The truckers had asked the jury for a $72.5 million award, calculating that with liquidated damages and an estimated $25 million in statutory penalties for not paying the minimum wage, the total payout would be $170 million.

Wal-Mart’s attorney Scott Edelman of Gibson Dunn pointed out during a post-verdict interview that his side prevailed on the majority of the issues in the case.

“This is far less than what they asked for, and from our perspective, it’s mostly a victory. They were zeroed out on seven of the 11 tasks at issue,” Edelman said.

Class attorney Butch Wagner of Wagner Jones Kopfman & Artenian LLP told Law360 that opposing counsel did “a hell of a job.”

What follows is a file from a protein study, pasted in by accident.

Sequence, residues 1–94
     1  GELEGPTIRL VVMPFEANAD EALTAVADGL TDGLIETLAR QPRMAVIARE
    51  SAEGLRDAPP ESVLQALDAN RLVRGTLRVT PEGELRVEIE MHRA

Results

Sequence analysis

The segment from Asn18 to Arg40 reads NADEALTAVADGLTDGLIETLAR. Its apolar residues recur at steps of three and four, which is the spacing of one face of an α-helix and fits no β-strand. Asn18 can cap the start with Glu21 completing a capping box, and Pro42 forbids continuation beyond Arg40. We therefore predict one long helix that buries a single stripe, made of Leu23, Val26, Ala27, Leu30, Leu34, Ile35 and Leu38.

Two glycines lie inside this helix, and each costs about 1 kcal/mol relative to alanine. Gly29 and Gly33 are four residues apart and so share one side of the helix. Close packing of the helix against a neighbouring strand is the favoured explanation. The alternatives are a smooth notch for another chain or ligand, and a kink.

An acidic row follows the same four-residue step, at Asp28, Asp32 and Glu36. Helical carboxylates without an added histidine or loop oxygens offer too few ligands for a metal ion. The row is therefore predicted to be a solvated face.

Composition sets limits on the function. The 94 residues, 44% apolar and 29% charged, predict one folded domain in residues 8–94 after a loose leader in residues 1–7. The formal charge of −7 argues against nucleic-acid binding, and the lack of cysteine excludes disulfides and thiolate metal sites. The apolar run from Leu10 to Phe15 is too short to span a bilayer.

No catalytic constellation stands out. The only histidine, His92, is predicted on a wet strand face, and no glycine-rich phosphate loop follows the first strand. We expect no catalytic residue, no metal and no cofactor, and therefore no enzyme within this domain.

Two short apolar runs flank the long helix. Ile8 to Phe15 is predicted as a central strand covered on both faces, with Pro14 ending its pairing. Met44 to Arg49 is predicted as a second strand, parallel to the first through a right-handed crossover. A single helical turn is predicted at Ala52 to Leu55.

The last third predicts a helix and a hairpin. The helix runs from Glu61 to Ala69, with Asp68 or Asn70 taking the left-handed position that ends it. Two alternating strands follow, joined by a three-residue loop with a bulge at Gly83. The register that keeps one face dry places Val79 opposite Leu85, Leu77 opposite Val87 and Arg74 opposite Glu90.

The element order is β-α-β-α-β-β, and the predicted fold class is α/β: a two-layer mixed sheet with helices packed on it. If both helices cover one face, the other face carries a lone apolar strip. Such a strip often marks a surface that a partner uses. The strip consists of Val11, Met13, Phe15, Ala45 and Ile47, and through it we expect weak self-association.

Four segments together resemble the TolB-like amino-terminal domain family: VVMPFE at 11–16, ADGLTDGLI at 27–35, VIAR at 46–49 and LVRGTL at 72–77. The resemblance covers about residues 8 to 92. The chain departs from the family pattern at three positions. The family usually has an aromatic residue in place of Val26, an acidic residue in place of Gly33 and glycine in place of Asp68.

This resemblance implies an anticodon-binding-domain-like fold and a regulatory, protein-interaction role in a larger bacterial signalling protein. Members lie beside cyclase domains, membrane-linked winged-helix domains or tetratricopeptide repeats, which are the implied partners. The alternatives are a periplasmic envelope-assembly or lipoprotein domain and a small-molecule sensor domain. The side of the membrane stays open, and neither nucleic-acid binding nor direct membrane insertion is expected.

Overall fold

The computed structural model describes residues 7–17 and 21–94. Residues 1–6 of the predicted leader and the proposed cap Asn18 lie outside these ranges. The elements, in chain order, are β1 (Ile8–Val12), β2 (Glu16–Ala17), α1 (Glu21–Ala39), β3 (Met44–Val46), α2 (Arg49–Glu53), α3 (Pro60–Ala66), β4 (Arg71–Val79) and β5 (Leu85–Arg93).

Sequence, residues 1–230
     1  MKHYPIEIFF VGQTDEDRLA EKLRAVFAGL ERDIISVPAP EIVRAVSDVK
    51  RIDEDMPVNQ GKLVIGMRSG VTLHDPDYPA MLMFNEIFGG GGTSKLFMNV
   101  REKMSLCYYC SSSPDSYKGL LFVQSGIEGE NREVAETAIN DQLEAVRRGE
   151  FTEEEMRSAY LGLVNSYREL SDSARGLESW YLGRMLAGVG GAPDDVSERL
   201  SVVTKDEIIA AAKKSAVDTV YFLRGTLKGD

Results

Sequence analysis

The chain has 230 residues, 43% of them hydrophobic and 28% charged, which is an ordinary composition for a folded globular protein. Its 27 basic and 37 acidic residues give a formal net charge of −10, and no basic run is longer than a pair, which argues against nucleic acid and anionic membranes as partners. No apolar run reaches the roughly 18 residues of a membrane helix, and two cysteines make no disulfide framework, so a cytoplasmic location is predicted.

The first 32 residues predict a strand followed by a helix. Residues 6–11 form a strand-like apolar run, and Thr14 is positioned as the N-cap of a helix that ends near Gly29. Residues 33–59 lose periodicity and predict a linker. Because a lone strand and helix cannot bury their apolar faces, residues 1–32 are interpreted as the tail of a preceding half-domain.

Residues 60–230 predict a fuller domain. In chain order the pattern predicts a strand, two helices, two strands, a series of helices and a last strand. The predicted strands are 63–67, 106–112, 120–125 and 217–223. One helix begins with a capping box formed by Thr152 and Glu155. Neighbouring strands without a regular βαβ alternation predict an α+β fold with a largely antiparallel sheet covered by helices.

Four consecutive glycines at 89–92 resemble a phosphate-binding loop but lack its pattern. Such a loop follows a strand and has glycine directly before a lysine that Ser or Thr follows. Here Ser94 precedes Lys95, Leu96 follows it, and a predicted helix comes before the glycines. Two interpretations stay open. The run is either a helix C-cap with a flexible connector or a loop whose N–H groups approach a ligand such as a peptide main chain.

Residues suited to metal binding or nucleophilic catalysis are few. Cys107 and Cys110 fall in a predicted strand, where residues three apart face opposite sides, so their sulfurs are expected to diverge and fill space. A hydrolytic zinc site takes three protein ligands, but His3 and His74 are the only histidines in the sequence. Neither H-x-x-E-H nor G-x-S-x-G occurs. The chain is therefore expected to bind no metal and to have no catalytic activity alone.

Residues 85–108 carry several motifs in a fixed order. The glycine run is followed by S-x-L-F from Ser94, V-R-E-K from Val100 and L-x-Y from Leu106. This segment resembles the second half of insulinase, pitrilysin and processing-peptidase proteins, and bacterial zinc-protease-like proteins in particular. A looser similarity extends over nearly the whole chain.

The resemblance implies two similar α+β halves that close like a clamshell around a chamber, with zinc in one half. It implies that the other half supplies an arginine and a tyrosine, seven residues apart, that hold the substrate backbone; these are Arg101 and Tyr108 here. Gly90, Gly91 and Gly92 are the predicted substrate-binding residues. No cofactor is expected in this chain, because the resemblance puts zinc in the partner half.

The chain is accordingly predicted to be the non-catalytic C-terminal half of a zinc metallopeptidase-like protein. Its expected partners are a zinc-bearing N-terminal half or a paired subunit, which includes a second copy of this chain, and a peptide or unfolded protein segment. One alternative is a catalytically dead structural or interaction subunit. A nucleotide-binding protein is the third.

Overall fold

“They threw everything at us,” Wagner said. “But the facts of the case and the law were overwhelmingly on our side.”

The suit hinged on the pay codes drivers input for certain activities, such as arriving on-site and hooking a tractor to a trailer.

The truckers had alleged that other required tasks like pre- and post-trip inspections had no associated activity code or compensation. Wal-Mart argued that the duties the manual described were not exhaustive and that the allegedly unpaid tasks were included in other pay codes.

Wednesday’s decision ends a hard-fought, three-week trial marked by contentious battles over jury instructions.

U.S. District Judge Susan Illston had ruled on summary judgment in 2015 that the mandatory layover policy and unpaid tasks laid out in Wal-Mart’s driver manual violated California wage law.